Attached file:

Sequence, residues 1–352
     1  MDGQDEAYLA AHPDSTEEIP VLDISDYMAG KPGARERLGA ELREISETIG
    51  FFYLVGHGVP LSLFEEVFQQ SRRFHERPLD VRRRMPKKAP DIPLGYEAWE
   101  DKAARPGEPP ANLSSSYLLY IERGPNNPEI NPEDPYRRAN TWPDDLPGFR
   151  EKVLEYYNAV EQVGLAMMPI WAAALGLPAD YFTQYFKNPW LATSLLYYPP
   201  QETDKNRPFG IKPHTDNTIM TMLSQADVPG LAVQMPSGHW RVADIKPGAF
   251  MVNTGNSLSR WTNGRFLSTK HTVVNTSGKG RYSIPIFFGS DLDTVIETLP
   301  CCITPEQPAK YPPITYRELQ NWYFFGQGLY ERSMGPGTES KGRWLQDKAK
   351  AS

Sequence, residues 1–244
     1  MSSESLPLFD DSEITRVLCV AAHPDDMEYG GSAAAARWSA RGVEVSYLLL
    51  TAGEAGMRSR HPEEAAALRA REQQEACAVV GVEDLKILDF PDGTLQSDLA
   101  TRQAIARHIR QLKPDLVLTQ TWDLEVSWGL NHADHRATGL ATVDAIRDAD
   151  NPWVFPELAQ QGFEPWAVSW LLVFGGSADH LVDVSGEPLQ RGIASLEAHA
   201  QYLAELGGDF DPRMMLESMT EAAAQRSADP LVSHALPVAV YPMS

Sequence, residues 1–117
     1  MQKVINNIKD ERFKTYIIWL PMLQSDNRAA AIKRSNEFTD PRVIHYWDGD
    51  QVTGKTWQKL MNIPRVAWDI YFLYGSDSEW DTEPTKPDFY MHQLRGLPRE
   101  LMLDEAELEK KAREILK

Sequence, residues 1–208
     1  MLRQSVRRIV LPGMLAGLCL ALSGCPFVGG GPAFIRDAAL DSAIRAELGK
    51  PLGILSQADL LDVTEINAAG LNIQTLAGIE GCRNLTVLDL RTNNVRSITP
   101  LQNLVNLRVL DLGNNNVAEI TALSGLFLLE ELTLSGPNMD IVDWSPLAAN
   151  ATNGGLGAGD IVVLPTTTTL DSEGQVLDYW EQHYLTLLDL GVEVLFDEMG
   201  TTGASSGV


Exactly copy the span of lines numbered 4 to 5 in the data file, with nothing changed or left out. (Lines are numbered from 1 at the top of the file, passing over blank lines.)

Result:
   101  DKAARPGEPP ANLSSSYLLY IERGPNNPEI NPEDPYRRAN TWPDDLPGFR
   151  EKVLEYYNAV EQVGLAMMPI WAAALGLPAD YFTQYFKNPW LATSLLYYPP